The Move Toward a Cashless Society: A Closer Look at Payment Instrument Economics

Daniel D. Garcia-Swartz 1 , Robert W. Hahn 2 ,  and Anne Layne-Farrar 3
  • 1 LECG
  • 2 American Enterprise Institute-Brookings Joint Center for Regulatory Studies,
  • 3 LECG

Ever since the first general-purpose charge card debuted in the early 1950s, pundits have been predicting the "cashless society". Over fifty years later, we may finally be getting close to that vision. This study is the first to examine empirically the move toward a cashless society using a cost-benefit framework. We find that when all key parties to a transaction are considered and benefits are added, cash and checks are more costly than many earlier studies suggest. In general, the shift toward a cashless society appears to be a beneficial one.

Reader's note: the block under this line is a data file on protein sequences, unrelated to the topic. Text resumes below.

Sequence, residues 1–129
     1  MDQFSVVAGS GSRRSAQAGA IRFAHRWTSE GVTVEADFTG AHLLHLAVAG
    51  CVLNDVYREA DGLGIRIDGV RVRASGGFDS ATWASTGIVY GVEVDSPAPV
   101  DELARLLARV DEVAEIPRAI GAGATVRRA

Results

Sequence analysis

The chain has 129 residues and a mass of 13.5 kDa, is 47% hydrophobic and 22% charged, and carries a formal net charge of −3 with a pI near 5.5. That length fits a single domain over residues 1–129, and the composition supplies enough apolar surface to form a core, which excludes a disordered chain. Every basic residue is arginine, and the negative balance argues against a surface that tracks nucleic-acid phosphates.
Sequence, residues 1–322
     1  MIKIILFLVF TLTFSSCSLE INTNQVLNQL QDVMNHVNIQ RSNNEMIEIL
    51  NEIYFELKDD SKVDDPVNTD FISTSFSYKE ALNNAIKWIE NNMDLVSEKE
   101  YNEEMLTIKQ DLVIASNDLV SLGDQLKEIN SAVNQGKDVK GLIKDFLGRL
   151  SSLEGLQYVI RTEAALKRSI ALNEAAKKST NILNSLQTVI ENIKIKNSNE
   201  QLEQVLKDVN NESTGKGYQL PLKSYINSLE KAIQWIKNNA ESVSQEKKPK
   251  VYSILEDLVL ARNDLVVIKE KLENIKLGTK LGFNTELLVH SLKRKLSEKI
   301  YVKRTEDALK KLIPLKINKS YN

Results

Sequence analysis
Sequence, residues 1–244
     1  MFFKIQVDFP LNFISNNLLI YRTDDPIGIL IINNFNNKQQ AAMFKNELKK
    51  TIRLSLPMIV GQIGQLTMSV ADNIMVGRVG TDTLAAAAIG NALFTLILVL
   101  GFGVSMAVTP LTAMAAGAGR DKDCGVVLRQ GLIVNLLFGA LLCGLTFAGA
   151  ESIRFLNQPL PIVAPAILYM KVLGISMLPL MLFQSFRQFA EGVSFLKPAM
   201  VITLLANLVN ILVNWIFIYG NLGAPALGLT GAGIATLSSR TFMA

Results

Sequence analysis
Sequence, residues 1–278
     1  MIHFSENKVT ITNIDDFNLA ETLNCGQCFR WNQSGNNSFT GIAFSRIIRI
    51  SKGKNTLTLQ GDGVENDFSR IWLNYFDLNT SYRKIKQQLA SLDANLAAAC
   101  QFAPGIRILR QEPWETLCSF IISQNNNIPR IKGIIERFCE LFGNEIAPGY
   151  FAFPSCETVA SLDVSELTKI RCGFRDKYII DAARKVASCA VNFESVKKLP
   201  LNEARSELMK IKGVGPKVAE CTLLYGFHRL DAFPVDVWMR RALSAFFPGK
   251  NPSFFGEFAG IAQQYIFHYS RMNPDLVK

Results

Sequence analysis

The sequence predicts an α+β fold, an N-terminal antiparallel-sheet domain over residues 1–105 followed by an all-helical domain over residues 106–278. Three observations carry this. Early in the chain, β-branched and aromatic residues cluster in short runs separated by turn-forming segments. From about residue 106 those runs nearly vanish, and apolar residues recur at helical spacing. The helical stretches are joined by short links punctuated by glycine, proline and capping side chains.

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Since 2002, the Review of Network Economics (RNE) has been a leading forum for new insights in network economics, providing essential reading for anyone interested in the economics of network industries. It seeks to help policy makers, academics, and practitioners keep informed of new research and policy debate in network economics and related subjects that are relevant to the study of network industries.